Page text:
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Today, we’re shining the Artist Spotlight on Dreamcrusher, who’s been making music for nearly 16 years. The Wichita-hailing multi-genre artist, whose birth name is Luwayne Glass, didn’t start releasing tracks until 2009, but by then had begun to hone in a proprietary breed of self-described “☥ NIHILIST QUEER REVOLT MUSIK ☥.” Dreamcrusher has been a visual artist since childhood, always having the instinct to draw album covers for records that didn’t exist yet. With zero musical training (except as a drummer), the stage was set for Luwayne to become a wildly experimental noise artist, so thankfully all that album artwork compulsively created over the years wouldn’t have to go to waste.

We kick off with the industrial, distortedly fuzzy “Adore,” a 2015 release with a snarling edge to a very heavy production with just enough of a dance melody to make you move. The song was described by Pitchfork as “…profoundly charming and fascinating,” going on to say there’s “something loving, something human, something sensual—all things missing in a lot of the cold lockstep of noise that follows a predetermined path too closely.” Well damn, we’re not going to be able to say it any better than that. Next up, we included a cut off the 2014 Suicide Deluxe release called “Goths at the Beach,” which in addition to having an excellent title also has an enrapturing, synth-laced melody that carries along a blistering fever dream of a pop song which feels like it’s bubbling beneath a scathing sonic surface.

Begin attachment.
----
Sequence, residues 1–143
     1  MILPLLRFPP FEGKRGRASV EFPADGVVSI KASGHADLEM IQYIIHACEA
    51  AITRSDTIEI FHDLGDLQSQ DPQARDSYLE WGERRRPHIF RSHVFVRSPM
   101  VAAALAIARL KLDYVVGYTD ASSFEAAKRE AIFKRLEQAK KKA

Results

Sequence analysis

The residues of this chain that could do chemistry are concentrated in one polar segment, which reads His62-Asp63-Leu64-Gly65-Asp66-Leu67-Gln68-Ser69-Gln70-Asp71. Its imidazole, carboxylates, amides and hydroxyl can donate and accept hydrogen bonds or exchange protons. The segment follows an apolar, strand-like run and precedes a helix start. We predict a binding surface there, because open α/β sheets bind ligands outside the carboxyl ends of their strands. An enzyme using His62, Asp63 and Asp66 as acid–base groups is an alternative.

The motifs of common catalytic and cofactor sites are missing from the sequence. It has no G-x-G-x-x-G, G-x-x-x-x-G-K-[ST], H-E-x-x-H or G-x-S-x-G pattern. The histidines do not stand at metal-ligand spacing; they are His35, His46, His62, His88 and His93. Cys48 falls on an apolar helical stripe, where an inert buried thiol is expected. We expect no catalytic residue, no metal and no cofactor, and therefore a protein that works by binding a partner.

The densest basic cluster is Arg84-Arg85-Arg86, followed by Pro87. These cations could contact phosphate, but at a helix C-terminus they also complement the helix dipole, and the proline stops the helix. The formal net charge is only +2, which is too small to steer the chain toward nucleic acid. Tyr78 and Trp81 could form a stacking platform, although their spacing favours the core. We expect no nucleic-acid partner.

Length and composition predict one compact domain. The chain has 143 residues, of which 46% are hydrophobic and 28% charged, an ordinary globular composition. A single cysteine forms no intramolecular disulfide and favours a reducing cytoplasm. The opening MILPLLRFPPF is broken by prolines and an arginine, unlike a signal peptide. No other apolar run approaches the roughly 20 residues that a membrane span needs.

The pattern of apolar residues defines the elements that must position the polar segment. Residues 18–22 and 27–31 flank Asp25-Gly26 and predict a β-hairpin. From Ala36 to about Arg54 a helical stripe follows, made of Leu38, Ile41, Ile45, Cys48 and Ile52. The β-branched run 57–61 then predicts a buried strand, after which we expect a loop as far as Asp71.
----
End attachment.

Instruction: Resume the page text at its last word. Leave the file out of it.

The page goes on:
Next up off the latest Dreamcrusher release Grudge2, we have “Youth Problem,” made with the help of Alice Glass (no relation). A deadly-sounding hypnotic loop lures us in before collapsing into a righteously satisfying cacophony of distorted noise driven by a throbbing bassline. The high-octane groove on this one sounds like it could belong on a Prodigy track from any era, but also makes you realize just how shockingly clean a Prodigy track sounds compared to Dreamcrusher; this production basically sounds like it had beer spilled all over it in the best possible way. Grudge2‘s opener “PSA” is up next, another song built off a strange loop that gives way to shrill, gratingly metallic sounds that cut through your earholes with a vengeance, and yet somehow manage to make their way into a reliably feel-good rhythm. It also boasts this insane music video, which is arguably the most high-impact, low-budget video of the year which perfectly matches the track.

Finally for our last pick, we have “Hungry” with Show Me The Body off their 2017 mixtape Corpus 1, which sounds a bit like a marching band devolving into violent fantasy, once again in the best possible way. It’s so wild, so angry, so dark, and so fully unhinged we can’t help but love it for its sheer originality; as soon as I picked my jaw up off the floor, I had to play it a second time. Get yourself a mini-education in Dreamcrusher’s body of work in our playlist below and check out the Grudge2 EP here.